"While blackmailing patients and hacking pacemakers are common hand-waving examples used by some to stress the importance of protecting medical records, the actual threat landscape is much more in line with run-of-the-mill cybercrime seen in other industries. The vast majority of attackers seek information from which they can directly or indirectly profit," reads the 2012 Verizon Data Breach Investigations Report, released Wednesday morning.
Additionally, criminals tend to target smaller organizations--think physician and dental practices with fewer than 100 employees rather than hospitals--and look for the easiest electronic defenses to exploit. In many cases, they go after credit/debit card readers, otherwise known as point-of-sale (POS) terminals, the Verizon RISK (Research Investigations Solutions Knowledge) Team, which has been collecting data on breaches since 2004, reported.
"POS systems and desktops were at the forefront of breaches in the healthcare sector. At first glance, this may seem counterintuitive, since electronic health records would almost certainly be stored in a file or database server, and surely this is what the criminals are after. But this likely represents an incorrect assumption; most cybercriminals are more interested in accessing your bank account and applying for loans in your name than they are the details of your last medical exam," the report said.
[ Practice management software keeps the medical office running smoothly. For a closer look at KLAS' top-ranked systems, see 10 Top Medical Practice Management Software Systems. ]
"Their MO is to scan large areas of the Internet to see if there are portals left open," Mark Spitler, one of the report's authors, told InformationWeek Healthcare. The card terminal is the "weakest link," according to Spitler, and once a thief is in, it is easy to move laterally among systems if the server is part of a "flat" network.
POS servers might list the name of the hardware vendor, and more than a few end users just go with the manufacturer's default password, making the system easy to crack, Spitler explained. "In the majority of cases, the attacker gained initial access by exploiting default or guessable credentials, usually via Internet-facing remote access services," the report said.
The Verizon healthcare report focused on about 60 confirmed breaches over the past two years in healthcare and social services. Almost all the attacks involved both hacking and the introduction of malware into the host system, and 95% of security threats against healthcare entities came from external sources, Verizon reported.
Spitler explained that the typical lost laptop or USB drive responsible for so many compromised healthcare records does not fall into Verizon's definition of a data breach investigation because victims in such cases rarely call in forensic investigators.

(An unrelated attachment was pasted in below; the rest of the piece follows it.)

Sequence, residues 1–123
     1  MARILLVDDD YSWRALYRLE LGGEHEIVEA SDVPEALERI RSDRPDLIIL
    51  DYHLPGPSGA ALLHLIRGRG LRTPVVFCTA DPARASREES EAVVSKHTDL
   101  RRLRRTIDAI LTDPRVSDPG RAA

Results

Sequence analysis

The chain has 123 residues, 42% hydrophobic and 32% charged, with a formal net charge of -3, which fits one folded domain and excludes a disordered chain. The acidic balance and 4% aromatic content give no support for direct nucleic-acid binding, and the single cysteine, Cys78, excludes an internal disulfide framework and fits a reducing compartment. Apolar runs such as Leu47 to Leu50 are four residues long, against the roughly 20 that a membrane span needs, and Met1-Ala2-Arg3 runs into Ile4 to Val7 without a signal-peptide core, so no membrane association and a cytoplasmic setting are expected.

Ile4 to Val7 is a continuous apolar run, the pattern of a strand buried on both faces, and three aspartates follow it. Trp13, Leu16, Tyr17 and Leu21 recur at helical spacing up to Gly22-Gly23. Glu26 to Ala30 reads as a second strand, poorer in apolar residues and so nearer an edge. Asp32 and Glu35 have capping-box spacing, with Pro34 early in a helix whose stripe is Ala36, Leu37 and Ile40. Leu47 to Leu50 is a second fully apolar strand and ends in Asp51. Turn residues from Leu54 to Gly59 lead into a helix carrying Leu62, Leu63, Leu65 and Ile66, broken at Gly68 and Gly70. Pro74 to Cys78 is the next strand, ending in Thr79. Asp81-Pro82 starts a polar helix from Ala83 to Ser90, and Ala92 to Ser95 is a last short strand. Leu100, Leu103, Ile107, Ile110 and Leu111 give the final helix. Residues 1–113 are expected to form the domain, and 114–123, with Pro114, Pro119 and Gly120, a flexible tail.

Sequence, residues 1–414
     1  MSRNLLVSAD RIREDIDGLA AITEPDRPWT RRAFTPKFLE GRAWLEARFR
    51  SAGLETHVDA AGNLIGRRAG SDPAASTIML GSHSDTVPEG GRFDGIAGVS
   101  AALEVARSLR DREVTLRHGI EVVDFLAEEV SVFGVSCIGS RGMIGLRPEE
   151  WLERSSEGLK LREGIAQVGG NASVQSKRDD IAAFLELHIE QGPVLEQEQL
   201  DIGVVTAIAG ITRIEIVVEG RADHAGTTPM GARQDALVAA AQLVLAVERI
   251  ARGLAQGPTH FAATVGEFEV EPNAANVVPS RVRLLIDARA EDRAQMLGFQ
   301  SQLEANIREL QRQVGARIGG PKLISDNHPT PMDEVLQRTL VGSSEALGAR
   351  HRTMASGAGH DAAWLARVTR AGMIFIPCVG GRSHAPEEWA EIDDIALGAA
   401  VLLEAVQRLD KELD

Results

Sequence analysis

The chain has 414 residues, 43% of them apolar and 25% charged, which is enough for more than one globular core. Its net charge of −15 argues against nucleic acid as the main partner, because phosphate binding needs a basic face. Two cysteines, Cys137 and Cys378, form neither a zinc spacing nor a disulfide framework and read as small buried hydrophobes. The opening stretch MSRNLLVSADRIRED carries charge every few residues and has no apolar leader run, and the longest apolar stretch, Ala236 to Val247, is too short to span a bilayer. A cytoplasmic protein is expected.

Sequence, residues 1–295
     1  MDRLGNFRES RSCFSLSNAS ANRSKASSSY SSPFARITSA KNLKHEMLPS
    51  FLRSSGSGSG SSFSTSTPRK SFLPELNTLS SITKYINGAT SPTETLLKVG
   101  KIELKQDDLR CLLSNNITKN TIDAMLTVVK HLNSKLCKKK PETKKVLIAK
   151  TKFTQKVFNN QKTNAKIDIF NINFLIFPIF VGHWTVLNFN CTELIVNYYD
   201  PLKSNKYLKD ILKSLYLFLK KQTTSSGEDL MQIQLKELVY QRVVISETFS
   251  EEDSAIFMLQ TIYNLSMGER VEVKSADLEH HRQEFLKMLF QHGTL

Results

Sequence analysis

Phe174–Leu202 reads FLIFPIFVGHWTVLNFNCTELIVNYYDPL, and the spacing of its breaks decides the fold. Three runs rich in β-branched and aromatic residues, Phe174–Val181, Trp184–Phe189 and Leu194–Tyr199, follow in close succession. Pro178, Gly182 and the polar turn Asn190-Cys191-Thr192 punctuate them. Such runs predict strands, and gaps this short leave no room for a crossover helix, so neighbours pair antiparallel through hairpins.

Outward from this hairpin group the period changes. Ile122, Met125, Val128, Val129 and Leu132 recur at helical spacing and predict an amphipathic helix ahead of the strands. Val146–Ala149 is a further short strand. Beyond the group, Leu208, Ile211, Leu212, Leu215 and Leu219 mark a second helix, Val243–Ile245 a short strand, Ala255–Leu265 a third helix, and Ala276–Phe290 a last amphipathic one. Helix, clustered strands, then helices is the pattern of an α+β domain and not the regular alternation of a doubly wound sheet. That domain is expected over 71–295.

Since late 2009, healthcare organizations have been required to report any breaches affecting at least 500 people to the U.S. Department of Health and Human Services (HHS), the affected individuals, and, in some cases, news media.
Health data is not usually the primary target in the kinds of breaches involving forensic investigators, Spitler said, but it can be involved. "[Criminals] don't know if it's a physician office or a retail location," Spitler explained. "They're looking for one that's open to the Internet and with weak security credentials."
Although thieves might not know if they have hit a medical practice, protected health information--the kind of data covered by Health Insurance Portability and Accountability Act (HIPAA) privacy and security regulations--often is not segmented from other databases, according to the Verizon security analyst. "We do get cases where PHI is at risk," he said.
To protect against such threats, Spitler first recommended putting a firewall in front of the POS server so nobody can access the system from an outside IP address. "No. 2, just change the password," he added.
The healthcare security analysis is part of a series of industry-specific "snapshots" Verizon released Wednesday. In addition to healthcare, the telecommunications giant examined data breaches in retail, hospitality, and financial services, and issued a report on theft of intellectual property.
Intellectual property does not seem to be what criminals are targeting in healthcare. "That was one of the most interesting things we found when we pulled out healthcare data," Spitler said.
InformationWeek Healthcare brought together eight top IT execs to discuss BYOD, Meaningful Use, accountable care, and other contentious issues. Also in the new, all-digital CIO Roundtable issue: Why use IT systems to help cut medical costs if physicians ignore the cost of the care they provide? (Free with registration.)